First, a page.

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E. Barrett was an artist and also an employee in the Design department at the Nairn’s linoleum factory, a well-known Kirkcaldy firm. Here we see him capturing the skilled job of hand-printing. By the time this was painted machine printing had taken over, although some of older presses lingered on and were used to test the printing blocks. The man behind the printer is acting as an apprentice who in previous years would have been a young boy. These boys were known as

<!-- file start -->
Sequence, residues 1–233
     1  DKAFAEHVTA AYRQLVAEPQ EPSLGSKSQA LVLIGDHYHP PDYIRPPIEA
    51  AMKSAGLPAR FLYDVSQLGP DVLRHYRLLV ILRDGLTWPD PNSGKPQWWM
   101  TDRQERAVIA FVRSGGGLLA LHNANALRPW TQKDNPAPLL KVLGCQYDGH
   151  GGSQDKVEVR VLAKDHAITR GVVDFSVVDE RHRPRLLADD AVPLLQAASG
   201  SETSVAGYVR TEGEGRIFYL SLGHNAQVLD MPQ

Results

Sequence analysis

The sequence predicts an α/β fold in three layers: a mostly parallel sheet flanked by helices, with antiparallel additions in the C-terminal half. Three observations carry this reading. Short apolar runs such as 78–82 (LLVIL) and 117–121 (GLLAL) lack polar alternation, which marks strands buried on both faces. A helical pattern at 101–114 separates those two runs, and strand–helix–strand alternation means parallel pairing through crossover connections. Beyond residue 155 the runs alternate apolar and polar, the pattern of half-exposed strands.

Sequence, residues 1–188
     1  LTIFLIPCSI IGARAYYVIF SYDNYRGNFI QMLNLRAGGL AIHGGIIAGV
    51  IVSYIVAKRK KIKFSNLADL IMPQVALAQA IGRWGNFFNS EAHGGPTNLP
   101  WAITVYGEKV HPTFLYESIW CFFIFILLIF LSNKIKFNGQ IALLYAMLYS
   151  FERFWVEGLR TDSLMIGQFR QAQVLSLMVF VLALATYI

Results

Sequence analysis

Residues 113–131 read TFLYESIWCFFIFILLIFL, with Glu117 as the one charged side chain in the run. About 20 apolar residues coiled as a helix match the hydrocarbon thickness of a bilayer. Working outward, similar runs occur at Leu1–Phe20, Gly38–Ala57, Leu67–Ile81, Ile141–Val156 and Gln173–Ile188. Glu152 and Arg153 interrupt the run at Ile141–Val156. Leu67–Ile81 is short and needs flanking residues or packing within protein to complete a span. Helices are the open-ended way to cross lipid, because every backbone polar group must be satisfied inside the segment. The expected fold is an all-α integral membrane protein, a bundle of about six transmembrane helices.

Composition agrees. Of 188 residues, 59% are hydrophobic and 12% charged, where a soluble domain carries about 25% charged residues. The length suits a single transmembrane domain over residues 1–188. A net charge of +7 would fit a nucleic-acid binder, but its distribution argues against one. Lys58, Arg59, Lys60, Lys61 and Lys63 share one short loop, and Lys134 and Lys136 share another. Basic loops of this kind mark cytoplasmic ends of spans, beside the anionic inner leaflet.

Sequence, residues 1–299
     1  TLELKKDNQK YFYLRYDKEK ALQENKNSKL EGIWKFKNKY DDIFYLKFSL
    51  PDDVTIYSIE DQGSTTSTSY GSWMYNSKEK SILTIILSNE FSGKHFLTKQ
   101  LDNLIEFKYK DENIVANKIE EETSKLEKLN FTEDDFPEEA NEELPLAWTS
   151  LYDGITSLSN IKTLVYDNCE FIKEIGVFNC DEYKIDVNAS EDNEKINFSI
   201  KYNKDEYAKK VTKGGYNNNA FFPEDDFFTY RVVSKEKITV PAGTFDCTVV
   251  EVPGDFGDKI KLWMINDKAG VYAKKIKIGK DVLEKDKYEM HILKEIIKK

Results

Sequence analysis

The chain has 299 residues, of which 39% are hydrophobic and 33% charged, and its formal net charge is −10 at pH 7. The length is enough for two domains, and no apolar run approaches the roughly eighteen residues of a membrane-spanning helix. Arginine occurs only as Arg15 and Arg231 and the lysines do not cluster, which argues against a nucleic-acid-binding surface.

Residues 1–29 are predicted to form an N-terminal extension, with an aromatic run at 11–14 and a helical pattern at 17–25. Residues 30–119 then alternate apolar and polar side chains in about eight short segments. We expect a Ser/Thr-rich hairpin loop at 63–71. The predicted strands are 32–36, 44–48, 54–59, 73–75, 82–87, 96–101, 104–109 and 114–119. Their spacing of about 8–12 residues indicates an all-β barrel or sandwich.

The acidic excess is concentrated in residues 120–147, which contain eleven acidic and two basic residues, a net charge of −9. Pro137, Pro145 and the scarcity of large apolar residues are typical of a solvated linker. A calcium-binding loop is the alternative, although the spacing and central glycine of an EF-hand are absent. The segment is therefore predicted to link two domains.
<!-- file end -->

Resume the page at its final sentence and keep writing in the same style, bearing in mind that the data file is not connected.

This scene shows the traditional hand-printing method used to put patterns on linoleum. Kirkcaldy was the leading linoleum producing town in the world in the late 19th and early 20th centuries. Huge linoleum factories and the strong smell coming from them dominated the town. A poem called 'The Boy in the Train' by Mary Campbell Smith includes the lines: 'For I ken mysel' by the queer-like smell, that the next stop's Kirkcaddy!'
oil on canvas
H 58.7 x W 75.6 cm
unknown acquisition method
E. Barrett 1951